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  20. The Atrocity Paradigm Revisited.Claudia Card - 2004 - Hypatia 19 (4):212 - 222.
    This essay reflects on issues raised by commentators regarding my book, The Atrocity Paradigm: A Theory of Evil (Oxford 2002). They are (1) Robin Schott's observation of the tension between my discussion of forgiveness and of castration fantasies; (2) Bat-Ami Bar On's questions regarding whether evil is ethical, political, or both; (3) Adam Morton's queries regarding the relative seriousness of evils and injustices; and (4) María Pía Lara's concerns regarding what is valuable in Kant's ethics.
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  21.  65
    The Cambridge Companion to Simone de Beauvoir.Claudia Card (ed.) - 2003 - New York: Cambridge University Press.
    Simone de Beauvoir was a philosopher and writer of notable range and influence whose work is central to feminist theory, French existentialism, and contemporary moral and social philosophy. The essays in this 2003 volume examine all the major aspects of her thought, including her views on issues such as the role of biology, sexuality and sexual difference, and evil, the influence on her work of Heidegger, Sartre, Merleau-Ponty, Husserl, and others, and the philosophical significance of her memoirs and fiction. New (...)
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  22.  29
    Evil, Political Violence, and Forgiveness: Essays in Honor of Claudia Card.Todd Calder, Claudia Card, Ann Cudd, Eric Kraemer, Alice MacLachlan, Sarah Clark Miller, María Pía Lara, Robin May Schott, Laurence Thomas & Lynne Tirrell - 2009 - Lexington Books.
    Rather than focusing on political and legal debates surrounding attempts to determine if and when genocidal rape has taken place in a particular setting, this essay turns instead to a crucial, yet neglected area of inquiry: the moral significance of genocidal rape, and more specifically, the nature of the harms that constitute the culpable wrongdoing that genocidal rape represents. In contrast to standard philosophical accounts, which tend to employ an individualistic framework, this essay offers a situated understanding of harm that (...)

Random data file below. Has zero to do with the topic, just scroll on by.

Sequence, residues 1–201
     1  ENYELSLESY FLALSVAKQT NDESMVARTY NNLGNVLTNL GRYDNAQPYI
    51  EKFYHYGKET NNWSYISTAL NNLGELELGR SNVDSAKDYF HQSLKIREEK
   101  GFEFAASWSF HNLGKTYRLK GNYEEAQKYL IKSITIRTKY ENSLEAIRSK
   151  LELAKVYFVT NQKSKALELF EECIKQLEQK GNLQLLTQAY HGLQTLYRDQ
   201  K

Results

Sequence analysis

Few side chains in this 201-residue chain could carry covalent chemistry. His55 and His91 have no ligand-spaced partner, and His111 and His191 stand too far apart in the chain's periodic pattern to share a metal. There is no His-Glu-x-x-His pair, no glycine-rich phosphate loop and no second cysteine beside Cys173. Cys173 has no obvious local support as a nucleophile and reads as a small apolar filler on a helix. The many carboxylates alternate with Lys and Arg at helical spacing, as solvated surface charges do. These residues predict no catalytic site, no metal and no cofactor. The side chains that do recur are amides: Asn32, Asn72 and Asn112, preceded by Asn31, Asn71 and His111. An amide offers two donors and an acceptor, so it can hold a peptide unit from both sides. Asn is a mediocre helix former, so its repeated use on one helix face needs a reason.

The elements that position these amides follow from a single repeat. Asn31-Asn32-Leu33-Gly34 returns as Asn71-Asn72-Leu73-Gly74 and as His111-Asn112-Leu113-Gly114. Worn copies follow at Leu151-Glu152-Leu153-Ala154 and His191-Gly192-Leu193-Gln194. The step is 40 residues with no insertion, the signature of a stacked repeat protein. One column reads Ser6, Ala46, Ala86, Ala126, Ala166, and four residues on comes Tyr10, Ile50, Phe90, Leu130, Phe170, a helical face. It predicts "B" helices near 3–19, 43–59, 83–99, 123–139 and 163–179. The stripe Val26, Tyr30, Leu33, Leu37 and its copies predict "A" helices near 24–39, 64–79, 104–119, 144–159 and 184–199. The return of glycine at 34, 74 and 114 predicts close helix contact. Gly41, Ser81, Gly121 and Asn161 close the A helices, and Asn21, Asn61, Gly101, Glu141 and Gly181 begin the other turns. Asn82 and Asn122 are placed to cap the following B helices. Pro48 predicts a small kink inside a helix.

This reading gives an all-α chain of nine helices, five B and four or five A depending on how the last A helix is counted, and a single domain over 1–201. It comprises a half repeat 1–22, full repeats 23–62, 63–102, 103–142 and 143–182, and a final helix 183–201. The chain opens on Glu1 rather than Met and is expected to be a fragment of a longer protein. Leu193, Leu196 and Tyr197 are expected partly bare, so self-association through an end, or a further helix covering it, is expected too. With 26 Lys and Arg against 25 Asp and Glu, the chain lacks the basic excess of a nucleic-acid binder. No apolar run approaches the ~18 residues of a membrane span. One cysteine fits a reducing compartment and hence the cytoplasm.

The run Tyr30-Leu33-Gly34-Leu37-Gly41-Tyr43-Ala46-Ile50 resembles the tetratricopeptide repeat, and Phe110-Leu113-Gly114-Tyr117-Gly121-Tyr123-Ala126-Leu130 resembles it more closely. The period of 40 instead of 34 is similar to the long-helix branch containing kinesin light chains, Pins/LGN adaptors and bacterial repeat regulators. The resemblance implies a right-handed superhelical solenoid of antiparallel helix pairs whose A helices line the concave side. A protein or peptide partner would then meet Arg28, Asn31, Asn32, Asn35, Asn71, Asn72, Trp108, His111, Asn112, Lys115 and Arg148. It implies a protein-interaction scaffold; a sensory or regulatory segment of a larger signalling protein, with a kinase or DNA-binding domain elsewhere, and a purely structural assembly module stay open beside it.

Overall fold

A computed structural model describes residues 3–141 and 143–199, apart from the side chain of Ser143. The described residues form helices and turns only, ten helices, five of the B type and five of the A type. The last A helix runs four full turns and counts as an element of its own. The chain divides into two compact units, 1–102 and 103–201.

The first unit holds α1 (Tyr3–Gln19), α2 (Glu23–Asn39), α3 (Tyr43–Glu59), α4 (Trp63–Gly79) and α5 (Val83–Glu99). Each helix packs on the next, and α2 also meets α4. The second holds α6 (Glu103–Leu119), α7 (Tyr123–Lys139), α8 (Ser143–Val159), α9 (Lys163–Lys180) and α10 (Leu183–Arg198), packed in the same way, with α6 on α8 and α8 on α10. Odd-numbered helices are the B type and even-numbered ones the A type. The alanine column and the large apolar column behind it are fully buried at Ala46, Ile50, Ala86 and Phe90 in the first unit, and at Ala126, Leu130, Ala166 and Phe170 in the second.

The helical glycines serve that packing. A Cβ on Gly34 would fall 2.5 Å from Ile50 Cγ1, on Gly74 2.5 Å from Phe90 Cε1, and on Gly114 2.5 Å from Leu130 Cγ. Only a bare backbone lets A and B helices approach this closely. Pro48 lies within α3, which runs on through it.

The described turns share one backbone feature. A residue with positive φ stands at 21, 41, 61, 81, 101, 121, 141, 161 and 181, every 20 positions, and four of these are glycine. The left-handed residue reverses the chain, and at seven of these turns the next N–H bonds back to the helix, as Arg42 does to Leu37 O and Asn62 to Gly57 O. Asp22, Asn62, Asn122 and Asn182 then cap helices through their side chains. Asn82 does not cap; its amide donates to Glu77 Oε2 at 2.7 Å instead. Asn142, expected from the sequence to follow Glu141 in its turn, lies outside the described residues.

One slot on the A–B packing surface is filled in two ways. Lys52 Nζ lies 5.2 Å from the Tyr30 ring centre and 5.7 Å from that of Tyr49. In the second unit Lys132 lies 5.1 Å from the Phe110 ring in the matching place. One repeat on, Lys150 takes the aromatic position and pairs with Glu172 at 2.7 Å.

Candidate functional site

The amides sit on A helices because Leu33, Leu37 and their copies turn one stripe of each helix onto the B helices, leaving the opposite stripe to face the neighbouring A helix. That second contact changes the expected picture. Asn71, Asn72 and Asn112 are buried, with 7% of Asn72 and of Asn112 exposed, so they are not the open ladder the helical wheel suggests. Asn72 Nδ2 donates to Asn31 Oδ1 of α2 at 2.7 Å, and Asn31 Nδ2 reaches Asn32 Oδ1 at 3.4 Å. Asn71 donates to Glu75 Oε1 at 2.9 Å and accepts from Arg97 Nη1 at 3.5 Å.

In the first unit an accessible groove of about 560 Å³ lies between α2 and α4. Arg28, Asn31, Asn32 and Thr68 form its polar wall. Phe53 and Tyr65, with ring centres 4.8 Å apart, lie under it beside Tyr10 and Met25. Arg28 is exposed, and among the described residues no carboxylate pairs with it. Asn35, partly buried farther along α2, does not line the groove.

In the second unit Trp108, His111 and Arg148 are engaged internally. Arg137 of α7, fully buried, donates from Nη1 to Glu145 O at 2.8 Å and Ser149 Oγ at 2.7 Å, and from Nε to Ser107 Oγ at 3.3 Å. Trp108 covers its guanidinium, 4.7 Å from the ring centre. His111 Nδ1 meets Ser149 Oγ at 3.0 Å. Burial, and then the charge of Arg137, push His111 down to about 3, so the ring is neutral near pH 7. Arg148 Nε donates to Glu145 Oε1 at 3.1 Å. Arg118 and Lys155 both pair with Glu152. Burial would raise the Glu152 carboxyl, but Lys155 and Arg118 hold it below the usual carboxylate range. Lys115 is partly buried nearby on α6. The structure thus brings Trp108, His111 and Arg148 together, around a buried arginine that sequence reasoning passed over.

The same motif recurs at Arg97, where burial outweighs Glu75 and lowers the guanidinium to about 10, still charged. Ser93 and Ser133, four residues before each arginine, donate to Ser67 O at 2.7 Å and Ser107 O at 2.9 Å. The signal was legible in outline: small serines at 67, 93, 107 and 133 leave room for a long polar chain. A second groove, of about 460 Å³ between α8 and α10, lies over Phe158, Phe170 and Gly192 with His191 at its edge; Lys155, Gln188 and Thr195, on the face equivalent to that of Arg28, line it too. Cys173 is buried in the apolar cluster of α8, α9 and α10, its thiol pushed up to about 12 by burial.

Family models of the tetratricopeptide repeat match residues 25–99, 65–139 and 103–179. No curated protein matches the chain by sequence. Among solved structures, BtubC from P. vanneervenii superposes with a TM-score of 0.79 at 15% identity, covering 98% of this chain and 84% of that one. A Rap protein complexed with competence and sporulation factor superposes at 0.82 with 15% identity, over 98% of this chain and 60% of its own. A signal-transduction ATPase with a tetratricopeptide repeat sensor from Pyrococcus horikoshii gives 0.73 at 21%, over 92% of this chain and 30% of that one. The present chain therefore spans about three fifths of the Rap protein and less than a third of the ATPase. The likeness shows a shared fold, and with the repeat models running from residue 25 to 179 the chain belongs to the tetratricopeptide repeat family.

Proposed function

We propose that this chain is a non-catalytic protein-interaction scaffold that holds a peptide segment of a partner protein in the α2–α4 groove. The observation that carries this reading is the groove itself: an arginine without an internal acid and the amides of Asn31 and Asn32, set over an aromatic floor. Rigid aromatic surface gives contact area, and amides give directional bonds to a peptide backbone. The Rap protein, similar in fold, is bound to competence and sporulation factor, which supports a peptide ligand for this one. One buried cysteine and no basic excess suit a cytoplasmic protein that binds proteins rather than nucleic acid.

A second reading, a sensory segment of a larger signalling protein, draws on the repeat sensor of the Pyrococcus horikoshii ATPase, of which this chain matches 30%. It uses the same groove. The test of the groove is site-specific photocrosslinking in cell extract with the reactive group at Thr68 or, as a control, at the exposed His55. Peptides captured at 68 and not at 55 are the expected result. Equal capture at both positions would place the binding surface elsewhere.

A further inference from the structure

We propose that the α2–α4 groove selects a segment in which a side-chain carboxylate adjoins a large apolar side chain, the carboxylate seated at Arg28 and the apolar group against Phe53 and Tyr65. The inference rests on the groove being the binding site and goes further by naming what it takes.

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  23.  62
    Gay Divorce: Thoughts on the Legal Regulation of Marriage.Claudia Card - 2007 - Hypatia 22 (1):24-38.
    Although the exclusion of LGBTs from the rites and rights of marriage is arbitrary and unjust, the legal institution of marriage is itself so riddled with injustice that it would be better to create alternative forms of durable intimate partnership that do not invoke the power of the state. Card's essay develops a case for this position, taking up an injustice sufficiently serious to constitute an evil: the sheltering of domestic violence.
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  24. Gay divorce: Thoughts on the legal regulation of marriage.Claudia Card - 2007 - Hypatia 22 (1):24-38.
    : Although the exclusion of LGBTs from the rites and rights of marriage is arbitrary and unjust, the legal institution of marriage is itself so riddled with injustice that it would be better to create alternative forms of durable intimate partnership that do not invoke the power of the state. Card's essay develops a case for this position, taking up an injustice sufficiently serious to constitute an evil: the sheltering of domestic violence.
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  25.  16
    Controversies in Feminism.James P. Sterba, Claudia Card, Jane Flax, Virginia Held, Ellen Klein, Janet Kournay, Michael Levin, Martha Nussbaum & Rosemarie Tong - 2000 - Rowman & Littlefield Publishers.
    Feminism was born in controversy and it continues to flourish in controversy. The distinguished contributors to this volume provide an array of perspectives on issues including: universal values, justice and care, a feminist philosophy of science, and the relationship of biology to social theory.
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  26.  24
    The L Word and the F Word.Claudia Card - 2006 - Hypatia 21 (2):223-229.
  27.  11
    The Atrocity Paradigm Revisited.Claudia Card - 2004 - Hypatia 19 (4):210-220.
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  28.  70
    Women, Evil, and Grey Zones.Claudia Card - 2000 - Metaphilosophy 31 (5):509-528.
    Gray zones, which develop wherever oppression is severe and lasting, are inhabited by victims of evil who become complicit in perpetrating on others the evils that threaten to engulf themselves. Women, who have inhabited many gray zones, present challenges for feminist theorists, who have long struggled with how resistance is possible under coercive institutions. Building on Primo Levi's reflections on the gray zone in Nazi death camps and ghettos, this essay argues that resistance is sometimes possible, although outsiders are rarely, (...)